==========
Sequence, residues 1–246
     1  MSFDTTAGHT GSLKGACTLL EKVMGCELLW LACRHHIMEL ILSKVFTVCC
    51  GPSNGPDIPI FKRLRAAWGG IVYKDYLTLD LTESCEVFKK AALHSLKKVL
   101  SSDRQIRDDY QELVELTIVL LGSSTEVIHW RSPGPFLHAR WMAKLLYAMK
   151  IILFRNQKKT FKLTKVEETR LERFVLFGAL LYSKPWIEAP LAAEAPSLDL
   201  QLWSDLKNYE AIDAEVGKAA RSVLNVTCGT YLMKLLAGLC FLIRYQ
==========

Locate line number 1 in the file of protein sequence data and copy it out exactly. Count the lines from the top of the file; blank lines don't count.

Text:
Sequence, residues 1–246